A couple of months ago, Paul Roehl came by with an astonishing batch of new work, including this one, “Antonelli’s Pond” (2009 & 2020; oil on panel, 16” x 20”). Jessie and I soon realized that a show had fallen in our laps. The show’s called “The Poetic Landscape: New Paintings by Paul Roehl,” and it’ll be here in the gallery the whole month of October. We picked “Antonelli’s Pond” for the postcard (which is at the printer right now), so I needed to frame it.
The frame is basically a simple 3″ wide flat profile in stained quartersawn white oak, but I carved the inside and outside edges—the sight edge in a simple rhythmic pattern reminiscent of conventional beading that’s part of the common vocabulary of frames. Such conventions are often “dead,” arbitrary embellishments. But I adapted it to be alive to this painting, suiting it to the looseness of Paul’s painting style, and, more importantly, to respond directly to something in the painting: the shapes of the trees silhouetted against the sky. I added the pale gold liner to similarly silhouette and emphasize the flattened bead-like pattern. Otherwise, the frame is plain, flat and still as the surface of the pond. Its plainness also shows off the inherent beauty of the wood—the beauty of nature that was Paul’s inspiration.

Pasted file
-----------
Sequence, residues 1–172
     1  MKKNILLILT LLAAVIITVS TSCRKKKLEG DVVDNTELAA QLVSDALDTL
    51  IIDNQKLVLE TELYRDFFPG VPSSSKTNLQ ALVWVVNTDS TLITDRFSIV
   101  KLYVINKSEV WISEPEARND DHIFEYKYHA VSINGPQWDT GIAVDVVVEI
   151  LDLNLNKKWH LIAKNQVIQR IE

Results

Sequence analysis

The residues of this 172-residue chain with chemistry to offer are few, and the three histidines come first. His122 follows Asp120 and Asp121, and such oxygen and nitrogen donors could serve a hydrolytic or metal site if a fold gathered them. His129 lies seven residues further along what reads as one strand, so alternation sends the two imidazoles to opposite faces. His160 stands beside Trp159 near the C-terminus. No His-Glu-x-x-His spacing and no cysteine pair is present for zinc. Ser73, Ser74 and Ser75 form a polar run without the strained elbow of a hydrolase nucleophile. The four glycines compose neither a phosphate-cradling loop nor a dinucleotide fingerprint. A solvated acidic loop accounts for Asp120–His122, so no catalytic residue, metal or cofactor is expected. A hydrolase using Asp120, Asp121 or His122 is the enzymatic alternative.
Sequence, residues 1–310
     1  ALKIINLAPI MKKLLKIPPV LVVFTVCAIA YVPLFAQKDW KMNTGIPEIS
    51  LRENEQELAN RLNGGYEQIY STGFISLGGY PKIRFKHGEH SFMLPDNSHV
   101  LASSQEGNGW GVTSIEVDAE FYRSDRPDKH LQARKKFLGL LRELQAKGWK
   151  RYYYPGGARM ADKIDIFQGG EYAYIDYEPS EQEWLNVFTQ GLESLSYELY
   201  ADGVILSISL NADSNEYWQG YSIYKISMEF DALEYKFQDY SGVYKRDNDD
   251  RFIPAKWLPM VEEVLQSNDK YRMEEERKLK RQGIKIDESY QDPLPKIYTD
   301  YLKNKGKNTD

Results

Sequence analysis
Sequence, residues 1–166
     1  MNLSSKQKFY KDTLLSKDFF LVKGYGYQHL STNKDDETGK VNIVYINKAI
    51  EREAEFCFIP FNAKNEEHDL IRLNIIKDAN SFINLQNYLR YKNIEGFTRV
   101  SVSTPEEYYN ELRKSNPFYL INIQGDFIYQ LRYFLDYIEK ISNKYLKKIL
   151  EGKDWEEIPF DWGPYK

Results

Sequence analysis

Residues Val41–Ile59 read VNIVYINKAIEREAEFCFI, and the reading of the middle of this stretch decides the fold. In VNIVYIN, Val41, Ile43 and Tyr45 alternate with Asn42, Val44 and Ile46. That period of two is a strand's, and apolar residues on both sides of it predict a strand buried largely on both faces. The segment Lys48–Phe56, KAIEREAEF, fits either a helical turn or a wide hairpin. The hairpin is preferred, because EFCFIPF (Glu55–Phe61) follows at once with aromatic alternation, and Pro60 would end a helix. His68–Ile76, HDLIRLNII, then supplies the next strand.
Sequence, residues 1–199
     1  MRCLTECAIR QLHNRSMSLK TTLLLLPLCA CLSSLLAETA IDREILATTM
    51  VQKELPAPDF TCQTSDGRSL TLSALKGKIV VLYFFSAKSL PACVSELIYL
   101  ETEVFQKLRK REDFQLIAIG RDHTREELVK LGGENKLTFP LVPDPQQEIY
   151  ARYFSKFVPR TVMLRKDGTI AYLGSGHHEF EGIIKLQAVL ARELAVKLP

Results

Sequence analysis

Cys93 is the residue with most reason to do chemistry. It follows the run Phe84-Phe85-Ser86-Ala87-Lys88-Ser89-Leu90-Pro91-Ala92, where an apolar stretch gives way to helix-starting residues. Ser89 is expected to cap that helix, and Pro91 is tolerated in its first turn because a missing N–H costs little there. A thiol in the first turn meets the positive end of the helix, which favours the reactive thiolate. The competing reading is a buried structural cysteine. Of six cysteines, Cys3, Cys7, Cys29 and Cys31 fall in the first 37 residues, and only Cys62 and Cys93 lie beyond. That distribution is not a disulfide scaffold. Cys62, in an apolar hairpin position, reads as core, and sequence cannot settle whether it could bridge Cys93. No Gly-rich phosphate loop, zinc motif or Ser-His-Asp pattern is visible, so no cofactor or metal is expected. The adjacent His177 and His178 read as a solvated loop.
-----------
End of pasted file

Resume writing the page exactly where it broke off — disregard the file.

Framing Paul’s work is always such a pleasure, in large part because the object of harmony that guides his compositions and tonalist-inspired palette makes harmonious frame design natural and easy. Also, what a frame does is deliver us to the picture, and Paul’s poetic landscapes are always places I want to go.
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